No power to fuel pump
My car has 165000 miles.
My car has a manual transmission.
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The ECU is the brain of the operation. It uses engine RPM and signals from different sensors to meter the fuel. It does this by telling the fuel injectors when and how long to fire. The ECU often controls other functions like the fuel pump and ignition timing.
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The first thing I would do is to connect a scanner to the car and see if you can communicate with the PCM. As a technician, I have access to communities of technicians where repeat failures are reported. In these reports, it is most common when the PCM fails in this fashion, that you will not have PCM communication. If you do have communication and the Check Engine Light turns on with the key on, I would be leaning away from the PCM being the problem.
However, this is by no means conclusive. You could be correct in your thoughts about a wiring problem mid vehicle. On most GM vehicles, there is a connector along the frame rail for the wiring harness that services the fuel module in the tank. This has problems with corrosion because it sits under the vehicle exposed to the elements. But why am I doubtful of this, and this will require you to confirm where the power starts and stops, is you stated you didn’t have power from the fuse box. This would be before this connector and the fuel pump. If this is the case, I wouldn’t be thinking of a wiring problem mid vehicle anymore.
I am wondering if you confirmed the fuse box was getting power? It is a very common problem that when we move wiring we inadvertently move the damaged wiring and fix the problem for the short term. You may have done this when replacing the fuse box. Not to mention you seem to have an intermittent failure on your hands. This compounds the process quite a bit.
I’m not sure how you are confirming you have power at the various points, but I highly recommend a test light over a multi-meter. A test light draws current and a multi-meter does not. There can be voltage present but not a good enough connection to carry current. This is a very important distinction when you are battling bad connections. The problem with a test light though, is knowing when it shouldn’t be used. Some test lights draw too much current and can damage computer modules. Even us technicians perform tests on modules at our own risk.
The best way to test a relay is to simply use a jumper wire to bypass them. If I suspect there is a problem with the power supply to the fuel pump, this is the first thing I do. This way I can be sure it isn’t the relay or the PCM that turns the relay on. If the fuel pump does not run, use the before mentioned test light to find where the power stops. This requires you to methodically track the wire back to the fuel pump. I usually start at the central connector, if it has one. Not all of them do. I go directly to the pump if I can, but this is often not easy to access without dropping the fuel tank down. If you successfully confirm power to the pump, it maybe a bad ground, in which case the easiest way to confirm this is to add a ground yourself.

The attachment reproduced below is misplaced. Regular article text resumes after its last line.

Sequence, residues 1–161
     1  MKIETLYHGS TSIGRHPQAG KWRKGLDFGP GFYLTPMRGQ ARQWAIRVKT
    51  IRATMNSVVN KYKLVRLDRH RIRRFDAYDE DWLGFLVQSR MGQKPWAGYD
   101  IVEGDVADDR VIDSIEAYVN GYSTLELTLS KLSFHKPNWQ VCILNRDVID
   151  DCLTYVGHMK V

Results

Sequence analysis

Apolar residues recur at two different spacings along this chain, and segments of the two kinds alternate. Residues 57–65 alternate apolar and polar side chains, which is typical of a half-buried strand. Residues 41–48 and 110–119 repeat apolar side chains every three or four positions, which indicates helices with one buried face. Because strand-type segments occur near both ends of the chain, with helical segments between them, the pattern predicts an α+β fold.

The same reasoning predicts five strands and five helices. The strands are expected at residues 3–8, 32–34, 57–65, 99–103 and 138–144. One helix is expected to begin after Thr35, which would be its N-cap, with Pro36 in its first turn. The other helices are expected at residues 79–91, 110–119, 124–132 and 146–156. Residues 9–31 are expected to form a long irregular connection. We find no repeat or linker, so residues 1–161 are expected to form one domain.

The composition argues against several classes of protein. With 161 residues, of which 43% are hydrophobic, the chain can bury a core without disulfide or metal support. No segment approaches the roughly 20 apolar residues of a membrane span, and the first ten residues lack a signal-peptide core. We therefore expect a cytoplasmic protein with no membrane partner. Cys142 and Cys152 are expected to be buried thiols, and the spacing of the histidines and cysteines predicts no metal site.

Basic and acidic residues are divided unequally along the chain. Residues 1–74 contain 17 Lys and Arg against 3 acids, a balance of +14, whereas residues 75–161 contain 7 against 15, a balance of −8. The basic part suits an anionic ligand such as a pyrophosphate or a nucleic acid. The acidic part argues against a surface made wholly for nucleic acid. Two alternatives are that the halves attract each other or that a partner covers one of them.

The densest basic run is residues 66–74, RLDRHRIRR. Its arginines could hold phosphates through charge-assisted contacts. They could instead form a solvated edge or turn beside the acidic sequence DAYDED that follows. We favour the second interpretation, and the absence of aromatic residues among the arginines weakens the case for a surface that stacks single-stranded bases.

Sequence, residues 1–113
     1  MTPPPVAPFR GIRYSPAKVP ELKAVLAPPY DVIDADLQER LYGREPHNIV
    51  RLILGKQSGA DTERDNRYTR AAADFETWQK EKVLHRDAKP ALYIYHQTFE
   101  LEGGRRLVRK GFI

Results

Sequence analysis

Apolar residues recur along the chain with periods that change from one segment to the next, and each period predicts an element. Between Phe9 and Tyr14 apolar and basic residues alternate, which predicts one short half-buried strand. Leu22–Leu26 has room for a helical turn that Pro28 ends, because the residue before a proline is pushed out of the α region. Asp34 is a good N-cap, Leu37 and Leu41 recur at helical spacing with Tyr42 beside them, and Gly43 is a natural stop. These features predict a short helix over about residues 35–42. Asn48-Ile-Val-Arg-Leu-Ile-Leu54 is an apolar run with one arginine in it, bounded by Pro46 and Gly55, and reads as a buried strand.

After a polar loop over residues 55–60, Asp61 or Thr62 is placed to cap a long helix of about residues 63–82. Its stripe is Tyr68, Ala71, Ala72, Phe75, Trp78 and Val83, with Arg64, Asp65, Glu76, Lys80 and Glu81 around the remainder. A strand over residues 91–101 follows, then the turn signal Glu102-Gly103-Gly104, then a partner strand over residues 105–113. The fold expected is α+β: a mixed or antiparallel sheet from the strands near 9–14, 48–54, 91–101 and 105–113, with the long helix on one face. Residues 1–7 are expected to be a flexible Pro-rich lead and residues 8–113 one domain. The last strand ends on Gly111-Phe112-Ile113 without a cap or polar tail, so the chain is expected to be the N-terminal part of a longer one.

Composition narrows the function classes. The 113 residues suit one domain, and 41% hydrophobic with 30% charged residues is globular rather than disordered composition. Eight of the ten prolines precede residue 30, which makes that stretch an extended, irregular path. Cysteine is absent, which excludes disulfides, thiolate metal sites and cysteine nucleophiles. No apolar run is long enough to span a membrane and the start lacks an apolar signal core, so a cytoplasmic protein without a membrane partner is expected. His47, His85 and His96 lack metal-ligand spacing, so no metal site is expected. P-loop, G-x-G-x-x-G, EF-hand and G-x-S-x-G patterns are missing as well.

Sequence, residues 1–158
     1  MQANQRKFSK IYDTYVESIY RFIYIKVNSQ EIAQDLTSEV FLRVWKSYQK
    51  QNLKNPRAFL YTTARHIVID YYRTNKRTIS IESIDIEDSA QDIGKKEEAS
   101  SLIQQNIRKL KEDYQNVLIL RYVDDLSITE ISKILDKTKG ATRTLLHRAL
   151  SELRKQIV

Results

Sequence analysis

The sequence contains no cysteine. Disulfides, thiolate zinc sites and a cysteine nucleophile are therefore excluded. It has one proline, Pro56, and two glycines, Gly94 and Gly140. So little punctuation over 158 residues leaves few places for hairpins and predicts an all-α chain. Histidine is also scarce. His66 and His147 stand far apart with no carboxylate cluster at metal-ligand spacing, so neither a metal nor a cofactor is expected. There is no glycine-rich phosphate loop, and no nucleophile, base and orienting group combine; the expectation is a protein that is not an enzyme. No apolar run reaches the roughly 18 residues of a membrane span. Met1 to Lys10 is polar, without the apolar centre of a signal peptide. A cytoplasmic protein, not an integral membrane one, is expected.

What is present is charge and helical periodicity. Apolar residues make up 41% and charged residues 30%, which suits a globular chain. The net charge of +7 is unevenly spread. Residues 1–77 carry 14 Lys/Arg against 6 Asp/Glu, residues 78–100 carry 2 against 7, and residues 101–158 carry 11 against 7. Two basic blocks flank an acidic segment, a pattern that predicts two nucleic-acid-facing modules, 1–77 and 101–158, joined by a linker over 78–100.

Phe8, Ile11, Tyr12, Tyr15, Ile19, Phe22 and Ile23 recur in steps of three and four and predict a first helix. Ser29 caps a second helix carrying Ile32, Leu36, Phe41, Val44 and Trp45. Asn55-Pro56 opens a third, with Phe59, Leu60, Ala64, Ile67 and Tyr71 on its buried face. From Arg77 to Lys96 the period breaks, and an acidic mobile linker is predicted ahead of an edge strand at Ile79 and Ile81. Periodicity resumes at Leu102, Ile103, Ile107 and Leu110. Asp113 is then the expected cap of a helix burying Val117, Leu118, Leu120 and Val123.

If this circuit checks out good, a few other things to check are power and ground to the PCM. Locate the wire from the PCM that powers the fuel pump relay. This can be done at the relay connector while you are testing the fuel pump circuit without the relay. When you turn the key on, on of the four terminals should receive power from the PCM for a few seconds. It will turn off after a couple of seconds if the PCM doesn’t see a signal that the motor is running. This is normal operation.
As for the air pump, I wouldn’t think this is an indication of the problem unless this occurred at the exact same time as the fuel pump failure. If so, I would suspect a wiring harness is shorting to ground somewhere. If they didn’t occur at the same time, this is most likely a separate issue.
The challenge you have here is isolating each part of the system. The PCM, the fuel pump relay, or a wiring issue. The PCM is actually fairly easy to check. Is the Check Engine Light on with key on and does it communicate with a scanner? Then follow the fuel pump relay test I outlined above. If it is a bad connection somewhere in the system, you will need a good wiring diagram and a well thought out plan to isolate where the problem is. This can be the most difficult to diagnose, especially if the problem is intermittent. Find a wiring diagram and study it carefully. If you’d like help, you can have a qualified technician, such as one from YourMechanic, to inspect your car’s loss of power and make the correct repairs.
Good luck. I hope I have been of assistance.
If you detect no power at ANY time to the pump (including during key on), your only recourse is the Factory Service Manual wiring diagram. With the diagram in hand, you have to trace the fuel pump circuit from the power source to find the interruption. There may be a fusible link in the circuit; also check the pump ground. Obviously check the wiring harness and plug connections as those were handled during the repair. You can probe the new motor terminals to see if they are open. If the motor is good, you should find a small winding resistance of maybe 3 ohms or so (varies from pump model to pump model).
If you desire a mobile repair for this, simply request an electrical diagnostic and the responding certified mechanic will get this taken care of for you. If you have further questions or concerns, do not hesitate to re-contact YourMechanic as we are always here to help you.